“Everybody gets it at different stages of their career,” Anderson said of Zibanejad. “When he was drafted here, we expected a lot of him, from an early stage, and he wasn’t ready for that.

“Sometimes a change of scenery is what it takes to wake a player up. It woke me up, woke a few other guys up. Maybe he’s changed his off-ice training, who knows what he’s changed. But he’s become a truly elite player and showing the reason we drafted him so high.”

This game could be summed up in three words: Too Much Mika.

Zibanejad joined a short list — a hat trick of former Senators — who have scored three times in a game against Ottawa. Antoine Vermette and Joe Corvo are the others. Zibanejad also owed the faceoff dot, going a blistering 18-4.

The Kids are… playing at the Bay of Quinte

As part of the opening night hullabaloo, local musicians Elijah Woods and Jamie Fine performed an original song designed to be anthem for this Senators season: The Kids Are Alright.

Fans would settle for a year that’s just Fine, and hope the franchise is one day out of the Woods, but the song title might be a better fit for Ottawa’s AHL franchise.

The Kids are in Belleville actually works, considering players like Logan Brown, Alex Lajoie, Aex Formenton, Vitaly Abramov, Jonathan Davidsson, Josh Norris, Filip Gustavsson and Kelly Parker are all between 20-22 and playing for the B-Sens.

While the senior Sens do have Erik Brannstrom, Drake Batherson, Colin White and Brady Tkachuk, they are not a young team by NHL standards, nor really any younger than last year.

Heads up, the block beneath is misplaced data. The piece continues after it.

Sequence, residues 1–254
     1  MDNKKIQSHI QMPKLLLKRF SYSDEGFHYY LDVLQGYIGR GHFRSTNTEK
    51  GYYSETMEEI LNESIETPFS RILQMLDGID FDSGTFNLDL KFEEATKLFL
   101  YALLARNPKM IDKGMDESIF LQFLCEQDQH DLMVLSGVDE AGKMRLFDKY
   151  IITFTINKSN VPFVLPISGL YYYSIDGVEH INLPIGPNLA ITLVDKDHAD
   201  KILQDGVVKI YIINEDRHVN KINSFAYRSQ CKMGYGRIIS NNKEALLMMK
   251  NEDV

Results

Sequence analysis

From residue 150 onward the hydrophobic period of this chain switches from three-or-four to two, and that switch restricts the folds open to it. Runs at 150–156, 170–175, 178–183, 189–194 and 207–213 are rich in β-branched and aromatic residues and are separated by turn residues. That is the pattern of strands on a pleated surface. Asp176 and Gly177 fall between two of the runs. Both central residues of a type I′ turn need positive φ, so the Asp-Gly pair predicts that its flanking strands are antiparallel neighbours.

As a roster, the Senators average age on the opening night roster in Toronto was 26.7 years of age. With veteran Mikkel Boedker switched in for Filip Chlapik, the age increased to 27.05 for the home opener. At last year’s Opening Night, the Senators collective age was 26.9.

We understand the sentiment. As an organization, the Senators are skewing younger in this rebuild, but the bulk of the prospects remain at the AHL level for now.

Takes a family to raise an NHL player

Watching the morning skate intently was Niklas Brannstrom, father of Senators rookie Erik Brannstrom.

The elder Brannstrom played 17 seasons in Europe and is currently a coach in the Swedish Hockey League. He had no bigger thrill in his career than watching for the first time as his son played an NHL game. Brannstrom made his NHL debut in Toronto Wednesday and was in the lineup for Ottawa’s home opener.

Senators head coach D. J. Smith appreciated the significance.

“It’s such a proud moment,” Smith said. “You work your whole life to get the best league in the world and here he is. And for his dad to be able to watch him go out there … and it’s not just the kid putting in the time.